The Comparative Method: systematic correspondences
and comparative reconstruction; protolanguages
Comparative reconstruction (CR)
′Similar words with similar meanings - in different languages (or with meanings which might oncehave been similar) may have descended from some common but now lost ancestor form. ′It is possible to reconstruct those earlier ancestral forms. ′Forms that are reconstructed rather than attested (i.e., recorded in texts or inscriptions) are marked with an asterisk *in front. ′Reconstructed forms are called proto-forms(proto-phonemes, proto-morphemes, proto-words). ′Words or forms in different languages that have derived from a common ancestor are known as cognates. ′The procedure of comparing cognate forms in order to reconstruct proto-forms is called comparative reconstruction. ′Comparative reconstruction consists of four steps.
′Compile cognate sets, eliminating borrowings.
′As an example of a cognate set, imagine three languages, A, Band C, and the word meaning ‘strawberry’in each, pronounced as follows: A [siza]; B [sesa]; C [siza]; ‘GLOSS - strawberry’
Semantic identity + phonetic similarity=> cognates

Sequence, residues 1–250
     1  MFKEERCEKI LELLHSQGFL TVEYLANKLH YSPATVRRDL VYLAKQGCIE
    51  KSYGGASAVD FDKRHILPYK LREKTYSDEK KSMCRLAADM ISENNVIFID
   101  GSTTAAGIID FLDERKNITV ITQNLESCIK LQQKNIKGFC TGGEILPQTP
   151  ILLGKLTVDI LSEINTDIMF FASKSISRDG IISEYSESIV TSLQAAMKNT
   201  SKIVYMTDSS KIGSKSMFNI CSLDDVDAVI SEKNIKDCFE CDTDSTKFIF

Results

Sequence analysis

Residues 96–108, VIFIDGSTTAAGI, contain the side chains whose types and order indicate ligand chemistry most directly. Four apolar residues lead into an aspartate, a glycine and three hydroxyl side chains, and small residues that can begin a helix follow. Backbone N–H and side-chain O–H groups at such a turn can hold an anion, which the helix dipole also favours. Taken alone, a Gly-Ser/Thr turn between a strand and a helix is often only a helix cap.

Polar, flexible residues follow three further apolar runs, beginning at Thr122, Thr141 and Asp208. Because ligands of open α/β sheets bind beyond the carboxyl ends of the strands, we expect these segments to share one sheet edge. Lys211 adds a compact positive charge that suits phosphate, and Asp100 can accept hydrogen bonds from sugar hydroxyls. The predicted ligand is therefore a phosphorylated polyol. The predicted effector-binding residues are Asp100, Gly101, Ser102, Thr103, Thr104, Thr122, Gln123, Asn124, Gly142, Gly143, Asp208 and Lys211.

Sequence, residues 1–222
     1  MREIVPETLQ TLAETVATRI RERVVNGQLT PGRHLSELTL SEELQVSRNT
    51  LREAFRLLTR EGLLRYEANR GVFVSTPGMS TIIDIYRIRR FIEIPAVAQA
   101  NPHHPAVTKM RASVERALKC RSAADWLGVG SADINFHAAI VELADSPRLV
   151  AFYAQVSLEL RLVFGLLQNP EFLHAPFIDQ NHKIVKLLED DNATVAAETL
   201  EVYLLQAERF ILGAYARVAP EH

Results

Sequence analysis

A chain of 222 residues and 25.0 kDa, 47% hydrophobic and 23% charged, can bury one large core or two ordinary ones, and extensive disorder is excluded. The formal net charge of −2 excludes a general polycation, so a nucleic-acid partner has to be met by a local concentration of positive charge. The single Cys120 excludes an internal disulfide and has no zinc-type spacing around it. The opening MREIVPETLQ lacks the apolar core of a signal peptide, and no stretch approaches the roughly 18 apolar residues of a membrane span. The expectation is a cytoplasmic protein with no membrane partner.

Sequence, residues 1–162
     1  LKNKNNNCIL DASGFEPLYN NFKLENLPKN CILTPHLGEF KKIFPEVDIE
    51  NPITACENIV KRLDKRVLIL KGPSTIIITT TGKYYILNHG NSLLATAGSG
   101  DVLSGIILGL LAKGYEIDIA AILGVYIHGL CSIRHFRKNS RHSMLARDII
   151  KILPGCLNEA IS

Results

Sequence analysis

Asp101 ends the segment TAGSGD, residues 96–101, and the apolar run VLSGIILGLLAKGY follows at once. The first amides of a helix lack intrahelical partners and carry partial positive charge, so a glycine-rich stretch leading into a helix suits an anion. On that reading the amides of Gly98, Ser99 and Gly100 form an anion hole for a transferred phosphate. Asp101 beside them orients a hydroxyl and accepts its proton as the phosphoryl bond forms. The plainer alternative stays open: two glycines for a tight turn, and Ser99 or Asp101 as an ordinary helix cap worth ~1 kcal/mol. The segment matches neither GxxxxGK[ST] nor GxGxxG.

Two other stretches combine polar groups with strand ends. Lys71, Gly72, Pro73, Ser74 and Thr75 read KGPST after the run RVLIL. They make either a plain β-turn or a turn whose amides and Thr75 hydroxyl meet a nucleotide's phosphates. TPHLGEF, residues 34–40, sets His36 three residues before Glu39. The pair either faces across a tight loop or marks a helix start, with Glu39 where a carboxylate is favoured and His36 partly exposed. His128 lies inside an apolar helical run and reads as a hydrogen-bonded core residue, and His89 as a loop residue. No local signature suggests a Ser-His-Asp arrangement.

′Determine sound correspondences.
′A[siza] B[sesa] C[siza]
POSITION A B C
′Reconstruct a sound for each position. 3 steps:
a.Total correspondence. If there is the same sound in a position in all languages=> reconstruct that sound. 1.[s][s][s]2.[i][e][i]3.[z][s][z]4.[a][a][a]
=>*[s__ __ a]
b.Most plausible development For the remaining positions, if possible, reconstruct the sound that would have undergone the most plausible (or natural) sound change. Certain types of sound change are very common, while others almost never happen. •voiceless sounds become voiced between vowels and before or after voiced consonants; •stops(=plosives) become fricatives between vowels;
•consonants become palatalized before front...
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